Ice Massacre: a perfectly enjoyable, gay boatventure

Ice Massacre: a perfectly enjoyable, gay boatventure


(3.5 stars)

There’s nothing technically wrong with this book, and you’ll find I have very little to gripe about beyond my general ambivalence on the subject of boats. ‘Boat fiction’ is just something I have never been into.

I read this as part of the Sapphic book club, and as always, it’s great to read a good action-adventure lgbt genre book, especially on the tailend of the horribleness that was 27 hours (review pending).

This will be super short.


There’s an island. People on this island just so hate mermaids, so, so much. Every year they send out a boat for a month to try and kill as many as possible, but it never really works. Still, they keep doing it.

Meela is on the first all-girls boat being sent out, since the mermaids are all girls too and use sexy hypnosis (?) to drag men in. Great plan that took ages to decide! Problem is, Meela saved and befriended a mermaid when she was a kid, and she has mixed feelings on killing them- especially when her estranged friend Lysi shows up.

General chit chat zone

This book is decades above a lot of the drivel I’ve been reading recently (cough 27 hours cough). The pacing is solid, the book isn’t too long, the characters are clear, the action/descriptions are all solid enough to follow but not over the top.

I still wouldn’t call any of it compelling. It felt like a commercial action fiction book, where nothing to me really stood out as super original or great, even though I enjoyed it. I actually read it in one sitting! Still, I know I won’t be reading it again. It was enough, but no part really stood out as fantastic.

Like I said, I’m not a boat person, so the fact the second half is all boat centric just doesn’t win points. The main drama/drive was just ‘mermaids show up (at night usually) and attack!!’ and that got to a degree repetitive, especially when we were a few days in and aware there was still weeks to go.

To counter this, there was internal drama in the crew- but that fell to one mildly insane girl, Dani. Dani was a bit too simple and over the top of a villain, at points I could get her motivation, but at other points characters just seemed to act without logic or drive, just to keep Meela and the crew on their toes. Dani is just a huge, mostly one dimensional bully who exists to make everyone else miserable, and as the secondary drive of the action (and honestly, more diverse action than mermaid-raid-apalooza), she was a bit disappointing.

Beyond this, the crew was pretty spread out and hard to distinguish. There was a lot of names going around.


It def took Meela a while to get she was gay, and the word is never used… In fact, she only finally realized it at the literal last line, when it’s been clear to reader for a while now. Still, Lysi and her’s relationship is very cute and well done, both as kids and adults, so I could totally buy their friendship and loyalty to each other. There’s a good drive too, where they both hate each other’s sides (humans killing mermaids, mermaids killing humans) but also want to support each other.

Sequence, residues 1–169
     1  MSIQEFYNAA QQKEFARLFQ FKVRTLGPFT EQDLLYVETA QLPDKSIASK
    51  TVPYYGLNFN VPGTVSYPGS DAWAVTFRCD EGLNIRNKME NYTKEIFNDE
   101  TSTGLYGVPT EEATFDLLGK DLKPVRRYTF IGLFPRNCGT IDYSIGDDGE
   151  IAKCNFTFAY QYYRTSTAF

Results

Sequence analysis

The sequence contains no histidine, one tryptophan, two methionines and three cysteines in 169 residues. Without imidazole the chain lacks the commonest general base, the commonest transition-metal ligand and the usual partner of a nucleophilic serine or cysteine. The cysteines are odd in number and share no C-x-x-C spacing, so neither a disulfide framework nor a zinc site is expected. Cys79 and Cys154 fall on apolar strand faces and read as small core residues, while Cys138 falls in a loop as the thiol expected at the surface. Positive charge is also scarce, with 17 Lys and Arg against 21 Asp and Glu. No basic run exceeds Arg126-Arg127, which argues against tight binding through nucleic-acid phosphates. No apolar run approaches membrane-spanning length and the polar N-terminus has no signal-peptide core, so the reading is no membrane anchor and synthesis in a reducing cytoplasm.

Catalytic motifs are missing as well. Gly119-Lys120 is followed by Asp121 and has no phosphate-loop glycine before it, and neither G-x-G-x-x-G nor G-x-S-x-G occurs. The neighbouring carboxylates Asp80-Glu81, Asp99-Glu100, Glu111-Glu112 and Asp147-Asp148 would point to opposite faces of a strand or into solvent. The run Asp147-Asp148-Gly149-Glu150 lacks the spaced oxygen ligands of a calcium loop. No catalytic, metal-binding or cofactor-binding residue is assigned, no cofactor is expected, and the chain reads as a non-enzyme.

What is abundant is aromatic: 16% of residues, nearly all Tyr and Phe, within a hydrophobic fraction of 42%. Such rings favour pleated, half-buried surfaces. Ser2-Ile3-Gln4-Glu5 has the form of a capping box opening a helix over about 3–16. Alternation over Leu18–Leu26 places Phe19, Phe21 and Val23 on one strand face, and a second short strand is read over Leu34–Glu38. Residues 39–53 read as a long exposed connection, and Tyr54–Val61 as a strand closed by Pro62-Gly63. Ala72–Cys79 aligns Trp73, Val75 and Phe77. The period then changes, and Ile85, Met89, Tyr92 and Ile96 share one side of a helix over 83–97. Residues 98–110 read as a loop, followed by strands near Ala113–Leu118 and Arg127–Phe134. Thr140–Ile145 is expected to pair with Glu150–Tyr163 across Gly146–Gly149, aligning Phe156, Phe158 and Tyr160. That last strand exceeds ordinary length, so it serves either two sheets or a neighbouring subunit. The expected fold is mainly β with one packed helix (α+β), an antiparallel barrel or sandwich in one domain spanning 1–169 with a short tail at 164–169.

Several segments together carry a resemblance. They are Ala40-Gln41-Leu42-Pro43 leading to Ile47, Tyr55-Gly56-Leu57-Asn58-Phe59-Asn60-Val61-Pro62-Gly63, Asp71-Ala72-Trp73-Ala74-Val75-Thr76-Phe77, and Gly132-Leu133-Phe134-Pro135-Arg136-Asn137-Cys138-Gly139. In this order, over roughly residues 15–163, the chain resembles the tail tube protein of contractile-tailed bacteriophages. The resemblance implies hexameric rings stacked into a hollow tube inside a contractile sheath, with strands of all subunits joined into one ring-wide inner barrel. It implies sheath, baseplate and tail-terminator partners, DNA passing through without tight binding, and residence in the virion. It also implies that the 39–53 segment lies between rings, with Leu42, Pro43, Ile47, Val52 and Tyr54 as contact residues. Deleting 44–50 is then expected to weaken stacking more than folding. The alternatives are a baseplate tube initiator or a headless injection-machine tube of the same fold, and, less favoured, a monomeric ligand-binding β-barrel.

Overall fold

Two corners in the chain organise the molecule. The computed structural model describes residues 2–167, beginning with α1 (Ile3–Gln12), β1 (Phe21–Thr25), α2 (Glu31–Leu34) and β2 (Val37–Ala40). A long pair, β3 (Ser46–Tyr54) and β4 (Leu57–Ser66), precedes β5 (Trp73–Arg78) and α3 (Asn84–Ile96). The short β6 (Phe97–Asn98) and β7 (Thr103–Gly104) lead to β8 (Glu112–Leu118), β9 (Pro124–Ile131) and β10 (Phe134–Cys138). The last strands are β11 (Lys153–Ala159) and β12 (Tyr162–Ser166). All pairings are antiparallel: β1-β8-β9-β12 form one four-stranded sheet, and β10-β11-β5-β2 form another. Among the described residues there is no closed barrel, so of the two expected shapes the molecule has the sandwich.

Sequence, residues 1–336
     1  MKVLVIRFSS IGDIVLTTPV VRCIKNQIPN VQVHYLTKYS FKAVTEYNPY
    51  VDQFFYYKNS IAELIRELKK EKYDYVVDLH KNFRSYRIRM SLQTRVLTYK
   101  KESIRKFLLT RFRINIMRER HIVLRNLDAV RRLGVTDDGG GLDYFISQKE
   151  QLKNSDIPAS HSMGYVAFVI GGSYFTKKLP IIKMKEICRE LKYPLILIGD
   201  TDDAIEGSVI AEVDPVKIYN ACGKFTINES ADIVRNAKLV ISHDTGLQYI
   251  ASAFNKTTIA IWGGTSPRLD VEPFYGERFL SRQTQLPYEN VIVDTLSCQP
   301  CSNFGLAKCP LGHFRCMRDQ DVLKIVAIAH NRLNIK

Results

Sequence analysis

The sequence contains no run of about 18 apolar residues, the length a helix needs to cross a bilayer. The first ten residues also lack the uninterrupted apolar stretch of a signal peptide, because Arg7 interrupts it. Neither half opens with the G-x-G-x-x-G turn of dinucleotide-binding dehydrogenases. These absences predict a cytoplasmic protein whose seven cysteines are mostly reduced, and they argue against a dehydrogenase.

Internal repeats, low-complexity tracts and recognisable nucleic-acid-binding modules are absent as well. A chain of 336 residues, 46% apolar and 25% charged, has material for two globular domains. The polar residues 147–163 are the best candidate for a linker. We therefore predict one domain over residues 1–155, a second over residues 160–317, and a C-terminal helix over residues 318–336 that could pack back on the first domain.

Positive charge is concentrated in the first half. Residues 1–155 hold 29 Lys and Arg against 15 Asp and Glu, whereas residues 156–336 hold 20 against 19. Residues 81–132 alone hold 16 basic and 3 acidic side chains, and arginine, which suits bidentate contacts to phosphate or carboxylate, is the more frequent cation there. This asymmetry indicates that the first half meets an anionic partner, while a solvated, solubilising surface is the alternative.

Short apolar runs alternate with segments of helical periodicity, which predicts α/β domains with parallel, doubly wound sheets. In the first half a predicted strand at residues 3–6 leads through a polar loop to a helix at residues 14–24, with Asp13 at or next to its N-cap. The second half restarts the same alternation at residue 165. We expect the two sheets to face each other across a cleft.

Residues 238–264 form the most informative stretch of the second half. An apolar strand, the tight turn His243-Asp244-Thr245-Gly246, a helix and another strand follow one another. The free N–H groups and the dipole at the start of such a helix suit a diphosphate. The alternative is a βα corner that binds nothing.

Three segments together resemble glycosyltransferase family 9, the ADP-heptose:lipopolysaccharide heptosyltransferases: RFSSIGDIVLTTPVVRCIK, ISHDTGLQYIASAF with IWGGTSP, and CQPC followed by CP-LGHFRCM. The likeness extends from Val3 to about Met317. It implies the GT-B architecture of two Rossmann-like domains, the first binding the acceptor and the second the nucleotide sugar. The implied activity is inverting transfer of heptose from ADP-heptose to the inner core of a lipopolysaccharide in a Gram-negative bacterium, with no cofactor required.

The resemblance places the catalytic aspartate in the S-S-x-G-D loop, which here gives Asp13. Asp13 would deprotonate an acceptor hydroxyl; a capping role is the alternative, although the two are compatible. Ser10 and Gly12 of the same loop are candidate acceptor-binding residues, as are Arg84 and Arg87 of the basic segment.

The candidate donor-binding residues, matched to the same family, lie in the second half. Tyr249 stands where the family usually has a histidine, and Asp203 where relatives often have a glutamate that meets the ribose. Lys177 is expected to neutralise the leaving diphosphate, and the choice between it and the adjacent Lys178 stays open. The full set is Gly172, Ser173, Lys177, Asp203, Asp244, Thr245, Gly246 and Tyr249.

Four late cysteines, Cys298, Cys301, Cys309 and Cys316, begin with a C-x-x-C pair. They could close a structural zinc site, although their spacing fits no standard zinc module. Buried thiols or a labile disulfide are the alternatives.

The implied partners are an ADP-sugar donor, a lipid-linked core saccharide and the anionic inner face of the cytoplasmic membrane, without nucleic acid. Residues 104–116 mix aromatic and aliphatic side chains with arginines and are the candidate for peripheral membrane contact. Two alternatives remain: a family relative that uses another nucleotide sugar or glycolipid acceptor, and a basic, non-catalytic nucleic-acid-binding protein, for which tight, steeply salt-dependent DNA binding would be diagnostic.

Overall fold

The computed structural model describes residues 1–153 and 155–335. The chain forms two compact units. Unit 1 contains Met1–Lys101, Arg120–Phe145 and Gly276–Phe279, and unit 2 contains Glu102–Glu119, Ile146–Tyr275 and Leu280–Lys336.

I do kind of wish there’d be a stronger lead up to Meela being ‘oh god I’m in love with a mermaid’, ie picking up earlier that she liked girls or at least seemed to super like Lysi- but it was all good.

Stray thoughts

  • Adaro the merking, and a lot of his motives and plotting, seemed a little too basic and generic. Rule the ocean? Really? Okay, I guess…
  • Introduction of a mythical beast hidden on the island was also suddenly a step out of the realm of belief for me, which is weird when we’re dealing with mermaids… but also, this book is set in modern times, and they have like, tv and technology. So I could believe mermaids, but magical giant sea serpent seemed a small stretch.
  • The first chapter is adult life, then there’s about 8 of backstory. I did like the backstory childhood stuff, but as others have pointed out, it’s a bit of a weird transition (especially when you remember there’s a prologue before it from a different POV, leading to basically three different POVs in a row)
  • I didn’t really get why this had to be set in the real world, or even, modern times. It just complicates things a lot in my worldbuilder-loving mind. Do people know about the mermaids? Like, everywhere? If they have tv, surely someone’s brought a dead one over to be filmed. Or studied. If they die to iron bolts, you’d think someone would have developed… iron bullets, or at least a way more effective system than a one-at-a-time loaded crossbow. There’s mentions of relief programs to the island. Do people sending relief, you know, know about the mermaid thing? Literally, how can they NOT? And how does a force of malevolent evil mermaids not call up like, professional army intervention, especially with how long this has been going on.
  • Really, I can’t think of one reason this had to be modern day real world, so that sticks out as super weird. Considering they’re on an old fashioned wooden boat with crossbows, I don’t think an icarly mention was that needed.
  • Was nice Meela isn’t white, and most people aren’t. Was unclear for a while, but the island is for sure not-white, and that was good to see.

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